When she arrives in the office, make sure the reception desk staff ignores her completely for one to two minutes while they finish up whatever tasks they are doing.
When she gives her name -- and hands over her insurance card -- make sure the receptionist can't find her appointment. If the patient then corrects the spelling of her last name and points out her time slot to the receptionist, instruct the receptionist to say nothing more than, "Oh."
Accept only the office's new patient information forms from the patient. Require a blank stare in answer to all questions regarding other medical records the patient has brought with her. Make the patient ask several times what to do with the records before finally telling her to hold onto them and give them to the doctor during the appointment.
Do not call the patient in for her appointment until at least 45 minutes past her appointment time.
Kick off the appointment with the obviously-correct-nearly-all-the-time assertion that the patient is "a typical case and just needs the usual follow-up." After all, there was no need to even skim through that new patient information packet, right?
Allow the office staff to interrupt you when with a patient as much as they like. Can't find an insurance code? No problem! The patient can wait.
Insist on scheduling scan appointments and follow-up appointments separately, without consideration for the fact that the patient lives well over an hour's drive away.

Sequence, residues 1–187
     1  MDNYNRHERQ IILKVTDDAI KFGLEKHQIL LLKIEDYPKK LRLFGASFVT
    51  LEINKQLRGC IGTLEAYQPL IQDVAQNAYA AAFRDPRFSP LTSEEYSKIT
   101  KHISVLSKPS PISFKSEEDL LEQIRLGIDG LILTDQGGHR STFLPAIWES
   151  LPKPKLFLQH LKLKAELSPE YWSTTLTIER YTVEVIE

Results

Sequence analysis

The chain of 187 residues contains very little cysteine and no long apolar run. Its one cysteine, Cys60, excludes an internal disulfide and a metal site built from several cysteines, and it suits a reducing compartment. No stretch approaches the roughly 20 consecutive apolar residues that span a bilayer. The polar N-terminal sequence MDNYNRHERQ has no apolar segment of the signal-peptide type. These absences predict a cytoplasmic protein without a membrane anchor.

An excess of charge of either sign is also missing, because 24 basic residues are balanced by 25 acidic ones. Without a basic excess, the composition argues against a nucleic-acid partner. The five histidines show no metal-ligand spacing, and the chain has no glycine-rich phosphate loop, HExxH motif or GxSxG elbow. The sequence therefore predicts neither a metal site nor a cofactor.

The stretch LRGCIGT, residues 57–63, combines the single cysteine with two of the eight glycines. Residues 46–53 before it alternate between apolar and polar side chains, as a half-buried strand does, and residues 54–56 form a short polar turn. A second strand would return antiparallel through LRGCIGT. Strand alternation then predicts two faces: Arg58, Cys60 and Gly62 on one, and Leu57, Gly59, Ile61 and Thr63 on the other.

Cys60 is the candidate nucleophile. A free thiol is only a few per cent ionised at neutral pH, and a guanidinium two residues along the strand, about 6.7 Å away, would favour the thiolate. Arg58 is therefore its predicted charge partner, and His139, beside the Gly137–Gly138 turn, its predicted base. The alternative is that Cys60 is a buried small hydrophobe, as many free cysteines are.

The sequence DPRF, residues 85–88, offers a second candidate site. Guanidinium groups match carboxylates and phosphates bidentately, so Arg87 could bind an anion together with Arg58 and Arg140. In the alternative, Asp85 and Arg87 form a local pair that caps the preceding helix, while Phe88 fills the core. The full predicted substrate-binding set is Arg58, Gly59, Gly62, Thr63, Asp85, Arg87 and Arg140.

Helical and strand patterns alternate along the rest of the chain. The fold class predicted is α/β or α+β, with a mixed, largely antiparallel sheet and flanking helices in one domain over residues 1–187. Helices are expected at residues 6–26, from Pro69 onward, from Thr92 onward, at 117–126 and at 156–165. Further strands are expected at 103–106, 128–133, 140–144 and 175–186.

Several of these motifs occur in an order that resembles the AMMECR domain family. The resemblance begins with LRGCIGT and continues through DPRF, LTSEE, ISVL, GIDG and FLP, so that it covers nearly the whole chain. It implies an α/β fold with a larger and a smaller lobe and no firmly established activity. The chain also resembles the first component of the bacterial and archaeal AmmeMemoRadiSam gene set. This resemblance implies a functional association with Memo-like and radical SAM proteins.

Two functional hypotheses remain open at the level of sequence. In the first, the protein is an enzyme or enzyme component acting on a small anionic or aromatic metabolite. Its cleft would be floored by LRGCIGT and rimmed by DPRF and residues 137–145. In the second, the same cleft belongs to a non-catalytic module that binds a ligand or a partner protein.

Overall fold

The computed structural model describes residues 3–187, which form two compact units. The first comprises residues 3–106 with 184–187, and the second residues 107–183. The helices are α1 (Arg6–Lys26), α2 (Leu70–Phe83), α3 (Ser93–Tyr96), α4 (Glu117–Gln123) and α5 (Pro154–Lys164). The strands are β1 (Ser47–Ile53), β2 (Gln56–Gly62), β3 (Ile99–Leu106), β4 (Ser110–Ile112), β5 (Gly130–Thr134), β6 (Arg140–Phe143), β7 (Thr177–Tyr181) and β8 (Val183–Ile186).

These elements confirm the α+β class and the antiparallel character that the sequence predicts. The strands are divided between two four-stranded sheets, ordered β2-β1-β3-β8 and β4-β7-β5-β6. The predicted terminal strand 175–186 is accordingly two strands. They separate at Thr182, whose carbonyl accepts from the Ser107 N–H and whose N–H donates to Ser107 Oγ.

Send the patient off with an incomplete lab slip for blood draws, and have office staff call her on her cell phone to tell her what other tests need to be ordered.
(Blood work was done a few days after the first appointment.)
Second Visit, about 2 weeks after the first
Once again, make sure office staff focus only on their very important phone calls, and do not acknowledge the physically-present patient with even a flicker of eye contact. The fact that they are on the phone gives them license to ignore a patient for up to a full five minutes.
Make sure that the patient waits for a minimum of 30 minutes past her appointment time, again -- consistency is key!
Make sure the financial responsibility form states that the patient will be having a test that is no longer possible because the organ to be scanned was removed a year and a half ago.
When the patient informs the tech that the release form is wholly inapplicable, make sure the technician responds, "Oh, I didn't look at your history" so that the patient knows just how thorough your practice is.
During a scan, never ever give any information to the patient regarding what you're seeing.
If the patient asks for a copy of her lab test results, ask her if you have reviewed them with her yet. If the answer is "No, but I want them for my personal records anyway," refuse to comply and state that you will give her a copy at the follow-up appointment in two weeks.
Leave the examination room while the patient is still straightening up, post-exam, so that you don't have to deal with any potentially troublesome questions.
* * *
Every single one of these things has happened to me recently with a doctor who came very, very highly recommended. I'm giving this doc one more shot -- the aforementioned follow-up meeting in two weeks. We'll see how that goes. My expectations are set very low. I just want to get my tests results and get out.
Of course, if the test results reveal anything requiring treatment, I'll be needing to deal with this doctor a lot more. But I'm going to remain optimistic and say everything's fine, in which case I won't need to go back for six months. I think I can live with that. It's a pain but less of a pain than going all the way to Houston.